When half of India loses electricity, time for lessons on going local
India's electricity grid went out for 600 million people Tuesday. The historic blackout shows how nations must reconsider big, complex infrastructure like centralized electric utilities.
Countries that rely on a national infrastructure for basic needs – from electricity to roads to food – can take a lesson from India’s massive power outages. A big, complex system must have resiliency built into it from scratch – all the better to absorb disruption and recover from hardship.Skip to next paragraph
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On Tuesday, India’s electricity grid failed 600 million people, or half its population. And it was the second day of big blackouts. And they were on a scale that shows once again that centralized energy systems – while perhaps efficient and cost-effective – can be vulnerable to a cascade of unforeseen small mistakes.
The United States experienced a massive blackout in 2003 when some 45 million people in the Northeast and Midwest were in the dark for hours. The trigger was a few overgrown trees hitting power lines on a hot summer day.
India is still probing the cause of its blackouts – perhaps not enough water in hydroelectric dams or state governments taking more than their share of power. Whatever the reason, such a disruption in a nation’s basic supplies would occur less often if such systems were decentralized into networks of local, smaller suppliers – similar to how the Internet is structured.
Resiliency in systems is much like in people. The ability to bounce back depends on having deep connections to others, such as family, friends, or those who hold similar moral views. Collaboration with a diversity of sources creates a better capacity to absorb shocks.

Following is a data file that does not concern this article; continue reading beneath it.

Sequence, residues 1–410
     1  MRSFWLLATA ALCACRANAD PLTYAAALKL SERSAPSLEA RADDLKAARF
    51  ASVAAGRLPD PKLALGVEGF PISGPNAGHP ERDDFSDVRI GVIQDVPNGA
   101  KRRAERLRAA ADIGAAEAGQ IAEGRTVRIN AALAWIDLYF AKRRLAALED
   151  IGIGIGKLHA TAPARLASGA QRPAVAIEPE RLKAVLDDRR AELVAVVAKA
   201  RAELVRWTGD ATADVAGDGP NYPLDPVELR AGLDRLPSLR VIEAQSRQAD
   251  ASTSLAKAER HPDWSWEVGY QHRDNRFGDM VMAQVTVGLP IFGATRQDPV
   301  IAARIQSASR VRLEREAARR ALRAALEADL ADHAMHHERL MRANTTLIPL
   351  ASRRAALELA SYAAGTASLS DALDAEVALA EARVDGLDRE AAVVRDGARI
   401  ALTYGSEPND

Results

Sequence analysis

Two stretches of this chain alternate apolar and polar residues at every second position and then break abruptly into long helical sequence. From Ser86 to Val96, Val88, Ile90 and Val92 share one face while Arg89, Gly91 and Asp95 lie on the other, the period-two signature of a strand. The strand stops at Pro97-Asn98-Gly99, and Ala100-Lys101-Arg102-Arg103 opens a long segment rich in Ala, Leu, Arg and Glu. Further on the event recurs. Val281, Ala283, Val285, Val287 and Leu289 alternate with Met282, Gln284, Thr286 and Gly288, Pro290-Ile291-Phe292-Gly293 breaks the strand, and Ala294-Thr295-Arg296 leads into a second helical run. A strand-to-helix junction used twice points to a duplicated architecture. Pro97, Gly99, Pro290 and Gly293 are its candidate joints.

One reason for the 2008 financial crisis in the US was a high dependency on a few large banks that were all involved in the same, complex business of trading in dubious home mortgages. Few people really know how that system worked or how vulnerable it was. Regulators were caught unaware.
A greater reliance on smaller banks and more diversity in financial investments might have lessened the impact of the bursting of the housing-market bubble. Even Sandy Weill, the former chief executive who built Citigroup into a global financial institution, now favors banks that won’t “risk the taxpayer dollars” and that aren’t “too big to fail.”
Nations with big electric utilities rely on a model begun in 1882 by Thomas Edison. Today, the US has about 6,000 power plants that require 450,000 miles of transmission lines. Entire regions can go dark at a moment’s notice. Former Secretary of Energy Bill Richardson says the US is “a superpower with a third-world grid.”
It’s a top-down, complex system vulnerable to bad weather, cyberattacks, solar flares, and human mistakes. And the US will need to spend about $75 billion a year to upgrade it for future electricity needs, according to a 2011 report from the American Society of Civil Engineers. Otherwise, the report states, a “combination of aging equipment and capacity bottlenecks” will lead to “a greater incidence of electricity interruptions.”
And a new report called “Powering America’s Energy Resilience” from the Center for National Policy finds: “Disruptive risks to the critical foundations of US national power and prosperity are likely to grow in frequency and intensity in the 21st Century.” The report suggests that the US rethink the role of infrastructure in supporting daily life.
India’s blackouts point to the need for a new kind of resiliency in power supplies, one that relies on local, self-contained energy producers tied together by microgrids. Many US cities are trying this approach, especially with “green” energy such as solar. Much like the “local economy” and “local food” movements, perhaps nations can also move toward “local energy” as a way to ensure reliability.